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Wednesday, Mar 4, 2015
Shadow of Mordor tells a very stupid story, but we can't stop playing it.

Shadow of Mordor  features some beautifully designed mechanics, combat, and an innovative and interesting system, the Nemesis system, that approaches the development of your opponents in an innovative way.


It also tells a really stupid story.


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Tuesday, Mar 3, 2015
A few indie developers got to show off their works in progress to me at IndieCade East 2015, including Knee Deep, Liege, and Moonshot

“Our hurdles are design related, not tech related.” So says Thomas Grip of Frictional Games at his keynote during IndieCade East. The whole of IndieCade East was devoted to talk about narrative in one form or another. Whether it was the structure of how narrative is conveyed in the medium like in Grip’s talk or the craft of delivering narrative information or discussion of what narratives get told by games, these were the topics of the talks. Additionally, and more important perhaps was discussion about what narratives get lost in the industry.


Consistently the most interesting part of IndieCade East is the Show & Tell exhibit portion on Saturday and Sunday. There indie developers get to show off works in progress, little experiments, games that are ready to play, or something you won’t ever get to play in any other environment. Generally, narrative-based games don’t show well in a convention-like environment, but here’s three that caught my eye.


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Friday, Feb 27, 2015
Valiant Hearts wants to show us that war isn’t caused by super villains, and their defeat changes nothing in the grand scheme of things. However, the presence of a super villain in the story still detracts from the harsh reality the game wants to explore.

Valiant Hearts and Never Alone are what I would call docu-platformers—puzzle-platforming games that seek to educate the player on some aspect of history or culture. As such, they share a striking similarity in approach. They purposefully avoid being literal or realistic, instead cherry picking certain aspects of World War I or Iñupiaq culture that can be easily integrated into the typical puzzle-platformer gameplay. They then use collectibles to expand upon those gameplay moments.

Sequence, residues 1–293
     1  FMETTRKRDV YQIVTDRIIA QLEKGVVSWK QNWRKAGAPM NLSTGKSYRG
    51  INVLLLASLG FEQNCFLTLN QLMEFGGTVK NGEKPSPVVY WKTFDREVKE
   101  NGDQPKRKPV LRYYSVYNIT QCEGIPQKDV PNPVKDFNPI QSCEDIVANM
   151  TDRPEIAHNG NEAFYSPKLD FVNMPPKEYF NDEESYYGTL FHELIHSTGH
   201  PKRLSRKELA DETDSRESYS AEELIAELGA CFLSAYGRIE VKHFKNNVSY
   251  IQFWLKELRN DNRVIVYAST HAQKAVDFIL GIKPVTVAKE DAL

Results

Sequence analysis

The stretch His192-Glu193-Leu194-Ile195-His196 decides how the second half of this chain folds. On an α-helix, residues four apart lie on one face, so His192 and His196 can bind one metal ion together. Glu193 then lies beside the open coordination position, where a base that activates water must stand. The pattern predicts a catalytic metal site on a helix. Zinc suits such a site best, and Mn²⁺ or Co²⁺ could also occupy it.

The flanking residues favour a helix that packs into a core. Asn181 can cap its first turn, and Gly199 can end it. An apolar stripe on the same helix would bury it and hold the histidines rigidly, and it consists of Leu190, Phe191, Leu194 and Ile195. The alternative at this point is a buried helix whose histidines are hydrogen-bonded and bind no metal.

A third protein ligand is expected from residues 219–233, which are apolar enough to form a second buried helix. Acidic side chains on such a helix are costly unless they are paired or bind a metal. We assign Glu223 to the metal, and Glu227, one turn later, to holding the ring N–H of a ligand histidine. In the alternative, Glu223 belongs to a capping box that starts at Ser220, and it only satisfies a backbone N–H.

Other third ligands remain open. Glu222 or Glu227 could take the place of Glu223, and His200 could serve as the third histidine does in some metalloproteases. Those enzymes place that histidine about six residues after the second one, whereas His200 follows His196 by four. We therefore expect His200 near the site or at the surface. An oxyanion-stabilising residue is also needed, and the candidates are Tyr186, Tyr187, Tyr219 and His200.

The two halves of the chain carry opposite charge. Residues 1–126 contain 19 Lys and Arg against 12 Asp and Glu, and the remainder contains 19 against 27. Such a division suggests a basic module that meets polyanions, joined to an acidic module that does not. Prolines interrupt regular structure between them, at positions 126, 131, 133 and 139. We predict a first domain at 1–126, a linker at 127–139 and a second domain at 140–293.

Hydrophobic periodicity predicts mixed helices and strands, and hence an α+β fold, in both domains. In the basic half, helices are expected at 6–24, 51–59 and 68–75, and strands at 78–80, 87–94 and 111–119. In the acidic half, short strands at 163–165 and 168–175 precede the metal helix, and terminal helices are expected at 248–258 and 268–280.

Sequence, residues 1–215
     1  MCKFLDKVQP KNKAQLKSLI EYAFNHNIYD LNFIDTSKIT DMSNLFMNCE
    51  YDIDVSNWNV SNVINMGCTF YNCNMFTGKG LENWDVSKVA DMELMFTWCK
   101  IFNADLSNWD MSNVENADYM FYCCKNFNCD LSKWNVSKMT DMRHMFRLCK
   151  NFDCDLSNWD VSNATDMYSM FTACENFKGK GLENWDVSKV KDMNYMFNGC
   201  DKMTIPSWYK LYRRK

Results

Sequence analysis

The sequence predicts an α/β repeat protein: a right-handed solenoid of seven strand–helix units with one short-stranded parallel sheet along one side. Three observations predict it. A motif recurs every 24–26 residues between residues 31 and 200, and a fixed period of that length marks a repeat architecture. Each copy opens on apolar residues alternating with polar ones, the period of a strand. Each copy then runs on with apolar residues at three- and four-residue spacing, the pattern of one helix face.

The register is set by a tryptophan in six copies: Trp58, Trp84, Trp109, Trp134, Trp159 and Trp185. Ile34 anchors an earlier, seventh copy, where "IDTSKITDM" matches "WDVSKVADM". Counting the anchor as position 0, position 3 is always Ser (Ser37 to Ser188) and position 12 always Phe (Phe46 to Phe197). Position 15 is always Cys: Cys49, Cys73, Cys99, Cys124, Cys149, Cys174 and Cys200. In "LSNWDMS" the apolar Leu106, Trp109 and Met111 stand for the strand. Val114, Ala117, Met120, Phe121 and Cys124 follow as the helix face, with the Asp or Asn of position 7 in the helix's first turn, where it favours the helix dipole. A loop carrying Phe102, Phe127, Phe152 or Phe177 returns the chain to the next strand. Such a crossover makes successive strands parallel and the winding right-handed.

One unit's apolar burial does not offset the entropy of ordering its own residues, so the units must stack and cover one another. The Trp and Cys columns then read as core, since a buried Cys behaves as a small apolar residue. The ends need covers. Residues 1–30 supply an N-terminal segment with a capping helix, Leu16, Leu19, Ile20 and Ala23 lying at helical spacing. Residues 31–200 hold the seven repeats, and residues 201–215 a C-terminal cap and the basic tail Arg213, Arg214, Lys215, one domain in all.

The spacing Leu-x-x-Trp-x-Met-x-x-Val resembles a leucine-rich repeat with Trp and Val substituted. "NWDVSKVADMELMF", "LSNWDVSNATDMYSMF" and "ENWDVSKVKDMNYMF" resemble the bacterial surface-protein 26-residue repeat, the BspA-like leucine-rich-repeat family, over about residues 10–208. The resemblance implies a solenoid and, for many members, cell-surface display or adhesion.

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Thursday, Feb 26, 2015
If each card in Netrunner is a political cartoon, then each deck is a political paradigm.

Last year I described each card in Android: Netrunner as a sort of “interactive political cartoon.” The card game from Fantasy Flight Games is set in a dystopian cyberpunk world in which mega corporations advance hidden agendas while hackers break into secure servers to steal information. The world of Netrunner is ripe with political themes relevant to its fiction and to the real world alike. If each card is a political cartoon, then each deck is a political paradigm.


Take the Anarch faction of runners (hackers), the most recent recipient of a Netrunner deluxe expansion, aptly named Order and Chaos, featuring three new faction identities and a slew of new cards to add to their arsenal. What is an “anarch”? The term conjures up images of masked protesters inciting violence or punk rockers with mohawks, leather jackets, and an attitude. Indeed, there are in fact people in the real world who identify as anarchists but whose political activism only goes as far as refusing to vote. I think we can safely assume the existence of an anarchist aesthetic at least among some disaffected youth.


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Wednesday, Feb 25, 2015
In which the author suggests that the new Lara Croft might be the best example of androgyny in gaming.

Last weekend, I played the board game Bora Bora, designed by Stefan Feld, whose game Castles of Burgundy is one of my favorite board games of recent years. Bora Bora is a Eurogame, which for those that run in board game circles know usually indicates a carefully balanced game with a low running time and probably no dice (though this game actually does use dice). Eurogames are also frequently economic development games that ask players to collect resources and develop an engine to drive an economy. They are also known for their wooden pieces, which often represent resources and people.


People themselves often serve as a kind of resource in Eurogames, since frequently the limited size of a population in such a game determines what jobs can be assigned and what then can be produced on a given turn. As far as people go in Eurogames, like many things in the genre, they are mostly abstracted concepts. They represent the ability to implement an action or to produce a particular good. They represent “work” itself and have little to no personal identity in general. Indeed one of the more general identity markers assigned to human beings, their gender identity, is rarely a concern in Eurogames.


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